ECAL / 2015
Context: Bachelor Project
Photography: Julien Chaintreau, edited by Julien Deceroi︎︎︎
Ever thought of hanging footwear? Yet, in the context of a shoe store, the presentation of different shoes by hanging them was an unsolved challenge.
I originally decided to create a shoetree made of steel wire. Looping the wire in specific areas to create a spring and articulate the artifact in order to be adaptable to the volume of the shoe. I eventually realised that I had been able to propose a new typology of object.
ECAL / 2017
Context: Salone del Mobile Milano
Collaborators: François Ménès︎︎︎, BFH - Bern University of Applied Sciences︎︎︎
OSB panels are increasingly employed for housing. François and I felt that this yellow color could be a bit dull and uninvintng. We decided that we would give a new breath to this composite material.
After looking into the right dye to color these particules, we reached the Berner Fachhochschule in Biel (CH). This university is specialised in research and experimentations with wood. They also own a heat press which is very rare to find outside the industry. They gratefully accepted to support our project by helping us with bonding the panels and finding the best way to dye our material.
Then, we created a pantone for these particules knowing exactly which mixture we made for each tint of color. In the end we selected several colors in order to propose panels which featured 2 to 4 different color combination. Further than conducting a simple research, we believed that creating a standard object for housing would be the best way to explain the colorful power of that material in a tri-dimensional way.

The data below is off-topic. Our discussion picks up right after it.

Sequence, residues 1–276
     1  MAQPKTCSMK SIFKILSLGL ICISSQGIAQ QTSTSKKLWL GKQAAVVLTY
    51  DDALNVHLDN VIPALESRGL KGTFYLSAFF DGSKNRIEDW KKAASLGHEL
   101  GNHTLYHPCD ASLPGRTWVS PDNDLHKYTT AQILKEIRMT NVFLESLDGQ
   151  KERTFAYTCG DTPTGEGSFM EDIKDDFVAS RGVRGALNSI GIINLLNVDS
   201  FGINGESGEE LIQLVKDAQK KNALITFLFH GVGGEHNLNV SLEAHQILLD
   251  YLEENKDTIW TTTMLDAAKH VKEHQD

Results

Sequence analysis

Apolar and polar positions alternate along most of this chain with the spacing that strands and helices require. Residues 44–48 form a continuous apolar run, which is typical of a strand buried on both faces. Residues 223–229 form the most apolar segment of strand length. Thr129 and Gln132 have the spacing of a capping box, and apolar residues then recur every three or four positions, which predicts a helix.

In the end, we designed a serie of 3 crates, presented at the 2017 Salone Del Mobile in Milan at the ECAL Gallery. Various wood panels were also designed to show the great potential of these color combination.
Heat bonded & dyed wood particules into wooden panels
Frédéric Pichelin, BFH: Berner Fachhochschule, Biel (CH)
Swisskrono AG, (FR)
ECAL / 2015
Context: Collaboration with Wetter AG.
Photography: Julien Deceroi︎︎︎
Stand stool is a formal study I engaged to explore the balance between a chair and a stool. Indeed, seating on a chair feels secure but quite static whereas a stool requires the body to be constantly active. This position can also create discomfort after a while as there is no backrest. I was looking for the correct balance between these two situations and keep the design of the backrest as low as possible.
This stool is made of bent tubular steel with two pieces welded togheter vertically. This construction allowed me to integrate a short backrest that is enough to maintain your pelvis. I also wanted the seating to be adjustable by playing with the angle of the slats, function of the user’s needs.
The prototype has been made by Wetter AG, a steel manufacturer based in Stetten (CH).